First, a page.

Yet what you see in too many biblical commentaries looks like Larry W. Hurtado’s notes in his commentary on Mark:

However, it is also possible to see these actions, against the context of the stories of Jewish and pagan healers and wonderworkers of ancient times, as similar to the magical techniques they are reported to have employed. It is not difficult to think that Jesus may have employed gestures in his healings and exorcisms that resembled the actions of others who attempted similar miracles, though there are important distinctions to be seen between Jesus’ ministry and the professional exorcists and magical practices of the ancient world. [At 7.31-37]

It’s pretty darned difficult for me to think Jesus was mimicking people who weren’t empowered by the Holy Spirit, who thought waving your hands like an enchanter actually did stuff. Jesus cured people by touching them, or with words. He could do it long distance. He didn’t need to put on a magic show; you realize he went away from the crowds because they wanted a magic show.

So what’s he doing? Duh; sign language.

  • Putting his fingers in his ears: “It’s about your ears.”
  • Spitting and touching his tongue: “It’s about your tongue.”
  • Groaning and looking to heaven: “I’m gonna pray.”

Then he cured the guy with a word.

הפתח/Happatákh isn’t any incantation. It’s Aramaic, the everyday language of both Jews and Syrian Greeks, for “Open up,” which Mark transliterates as ἐφφαθά/effathá. Jesus doesn’t bother with magic spells; he uses ordinary language, which is why Mark includes a direct quote. Pagans make all sorts of weird noises, or borrow ancient languages like Latin or Sanskrit—secret, mystic words with supposed healing power. For Jesus, ordinary words work just fine.

Just as Jesus doesn’t have to perform any ritual before curing anyone, Jesus likewise didn’t have to tell the deafmute what he was up to. He could’ve just walked right up to him, said hippatákh, and cured him. Why’d he try to talk to the man first? Simple: Jesus was being kind. Because he is kind.

And that should be our takeaway from this story: Jesus’s kindness. Certainly not the idea that if we wanna be faith healers, we need to grab people and rough ’em up a little, and spit on them, smear them with mud, touch bodyparts we have no business touching unless the Holy Spirit gives us specific orders. Usually he orders no such thing, and faith healers get physical simply because they feel like getting rough with the illness they’re trying to throw out: “Get out, you illness! Be gone, you demon! I rebuke you!” And we forget we’re ministering to a sick, hurting, or tormented human being. A person who needs our sympathy, not our foolish, selfish histrionics—which, by the way, are as much done for show as the weird pagan rituals.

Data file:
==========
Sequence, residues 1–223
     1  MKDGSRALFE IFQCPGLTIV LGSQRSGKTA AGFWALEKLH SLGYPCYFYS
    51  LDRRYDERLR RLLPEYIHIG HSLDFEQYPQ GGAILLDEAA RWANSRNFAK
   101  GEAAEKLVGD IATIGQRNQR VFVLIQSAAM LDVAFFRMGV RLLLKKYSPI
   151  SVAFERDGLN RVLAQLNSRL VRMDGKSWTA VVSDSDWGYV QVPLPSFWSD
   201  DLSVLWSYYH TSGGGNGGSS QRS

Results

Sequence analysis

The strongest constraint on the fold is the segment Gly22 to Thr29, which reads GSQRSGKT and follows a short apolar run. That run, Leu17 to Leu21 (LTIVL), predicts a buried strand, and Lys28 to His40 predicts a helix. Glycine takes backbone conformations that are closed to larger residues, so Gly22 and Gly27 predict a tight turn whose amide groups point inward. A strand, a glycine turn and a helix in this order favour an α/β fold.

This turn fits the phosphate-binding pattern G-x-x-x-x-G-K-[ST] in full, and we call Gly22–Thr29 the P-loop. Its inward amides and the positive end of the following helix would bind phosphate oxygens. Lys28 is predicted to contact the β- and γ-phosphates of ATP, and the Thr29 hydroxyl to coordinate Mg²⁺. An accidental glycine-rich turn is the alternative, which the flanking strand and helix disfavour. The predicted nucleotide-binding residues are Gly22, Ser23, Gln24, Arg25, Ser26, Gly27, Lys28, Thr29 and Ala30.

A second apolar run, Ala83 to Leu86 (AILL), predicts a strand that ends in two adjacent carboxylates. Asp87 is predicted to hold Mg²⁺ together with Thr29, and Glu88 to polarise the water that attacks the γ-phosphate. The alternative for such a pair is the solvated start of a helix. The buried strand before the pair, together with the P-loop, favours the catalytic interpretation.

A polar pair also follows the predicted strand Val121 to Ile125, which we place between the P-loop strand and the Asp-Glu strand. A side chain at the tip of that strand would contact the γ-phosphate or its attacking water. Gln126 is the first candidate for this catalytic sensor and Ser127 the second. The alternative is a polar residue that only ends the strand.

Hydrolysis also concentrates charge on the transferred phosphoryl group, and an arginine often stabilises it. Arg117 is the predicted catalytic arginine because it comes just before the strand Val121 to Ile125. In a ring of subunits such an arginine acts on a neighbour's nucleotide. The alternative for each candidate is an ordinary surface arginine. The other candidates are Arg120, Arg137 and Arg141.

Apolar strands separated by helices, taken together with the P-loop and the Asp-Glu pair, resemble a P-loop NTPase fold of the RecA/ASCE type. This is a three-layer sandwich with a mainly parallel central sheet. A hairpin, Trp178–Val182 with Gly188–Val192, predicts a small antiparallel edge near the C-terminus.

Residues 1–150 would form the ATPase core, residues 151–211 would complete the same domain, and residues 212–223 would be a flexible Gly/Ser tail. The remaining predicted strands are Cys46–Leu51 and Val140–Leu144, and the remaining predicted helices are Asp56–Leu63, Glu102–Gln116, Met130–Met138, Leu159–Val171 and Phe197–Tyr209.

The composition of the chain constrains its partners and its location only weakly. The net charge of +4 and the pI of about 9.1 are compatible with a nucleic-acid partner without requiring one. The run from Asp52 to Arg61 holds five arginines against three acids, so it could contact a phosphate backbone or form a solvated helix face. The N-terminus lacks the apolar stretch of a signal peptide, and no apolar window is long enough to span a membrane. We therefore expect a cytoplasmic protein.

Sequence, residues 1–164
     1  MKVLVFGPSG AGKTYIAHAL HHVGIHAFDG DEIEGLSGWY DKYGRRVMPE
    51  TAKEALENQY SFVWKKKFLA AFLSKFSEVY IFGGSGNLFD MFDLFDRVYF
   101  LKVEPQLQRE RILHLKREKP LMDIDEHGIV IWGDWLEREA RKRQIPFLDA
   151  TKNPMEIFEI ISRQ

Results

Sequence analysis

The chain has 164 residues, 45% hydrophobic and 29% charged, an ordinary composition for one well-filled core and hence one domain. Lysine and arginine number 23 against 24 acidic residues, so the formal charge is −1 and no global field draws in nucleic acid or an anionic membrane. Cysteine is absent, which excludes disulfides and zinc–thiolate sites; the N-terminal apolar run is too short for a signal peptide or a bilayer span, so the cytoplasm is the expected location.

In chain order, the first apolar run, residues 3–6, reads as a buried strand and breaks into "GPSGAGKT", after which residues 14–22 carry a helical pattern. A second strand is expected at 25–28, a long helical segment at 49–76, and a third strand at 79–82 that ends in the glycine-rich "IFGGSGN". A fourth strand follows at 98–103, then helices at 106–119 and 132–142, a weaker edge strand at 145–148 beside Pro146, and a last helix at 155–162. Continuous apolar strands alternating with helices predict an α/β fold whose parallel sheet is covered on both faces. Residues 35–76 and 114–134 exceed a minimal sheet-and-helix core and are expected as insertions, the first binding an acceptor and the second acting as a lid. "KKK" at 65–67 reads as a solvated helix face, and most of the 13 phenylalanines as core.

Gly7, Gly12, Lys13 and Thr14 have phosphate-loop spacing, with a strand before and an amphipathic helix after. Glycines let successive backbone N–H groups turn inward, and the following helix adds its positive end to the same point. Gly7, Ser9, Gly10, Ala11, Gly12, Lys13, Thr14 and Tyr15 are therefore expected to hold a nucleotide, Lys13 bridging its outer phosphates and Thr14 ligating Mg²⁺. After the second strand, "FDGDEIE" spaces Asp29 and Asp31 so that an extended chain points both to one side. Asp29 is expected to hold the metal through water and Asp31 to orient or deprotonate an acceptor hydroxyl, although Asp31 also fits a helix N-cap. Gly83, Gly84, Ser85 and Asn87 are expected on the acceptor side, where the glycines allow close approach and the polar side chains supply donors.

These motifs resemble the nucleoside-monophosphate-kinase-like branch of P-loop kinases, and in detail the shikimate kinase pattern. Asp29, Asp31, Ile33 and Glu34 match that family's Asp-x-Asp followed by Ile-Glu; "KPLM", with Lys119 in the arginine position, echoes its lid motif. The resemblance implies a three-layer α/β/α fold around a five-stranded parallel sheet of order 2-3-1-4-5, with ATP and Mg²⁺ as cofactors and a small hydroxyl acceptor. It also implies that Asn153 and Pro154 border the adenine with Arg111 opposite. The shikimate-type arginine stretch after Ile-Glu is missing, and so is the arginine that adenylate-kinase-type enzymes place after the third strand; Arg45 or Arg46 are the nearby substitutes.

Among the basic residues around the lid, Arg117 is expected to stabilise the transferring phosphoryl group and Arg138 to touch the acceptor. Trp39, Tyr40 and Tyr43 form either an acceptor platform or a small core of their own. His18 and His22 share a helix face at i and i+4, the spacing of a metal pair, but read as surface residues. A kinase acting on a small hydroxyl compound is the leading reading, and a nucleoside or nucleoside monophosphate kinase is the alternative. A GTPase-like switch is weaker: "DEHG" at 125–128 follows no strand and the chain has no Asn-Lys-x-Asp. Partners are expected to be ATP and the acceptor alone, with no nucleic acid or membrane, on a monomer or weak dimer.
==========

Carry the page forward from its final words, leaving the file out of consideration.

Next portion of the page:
Once again: Tell no one.

After Jesus cures someone, he regularly tells ’em to keep a lid on it. We assume it’s because, as happened with the first guy he did this to, it made him too famous too quickly, and he got swarmed by sick people when he was trying to rest.

I figure it’s a combination of that… and the fact there are certain people who make really bad evangelists for Jesus. Namely people who don’t obey him. ’Cause none of these people, whom Jesus told to keep quiet, obeyed him! And disobedient Christians are the reason so many pagans think we’re all a bunch of hypocrites: They don’t always know much about Jesus, but they know Jesus taught us better than this.

So this former deafmute put his Jesus-cured mouth to disobedient use, told everyone who cured him and how, and that’s kinda what leads us to scenarios… like the one at the beginning of this article, the Matthew passage, where Jesus shows up in a province and people bring him their sick. And he’s kind, so of course he cures them. But again: He might’ve been hanging out in gentile provinces because he wanted to take a vacation, and thanks to his fame, he just wasn’t gonna get one.

Christ Almighty!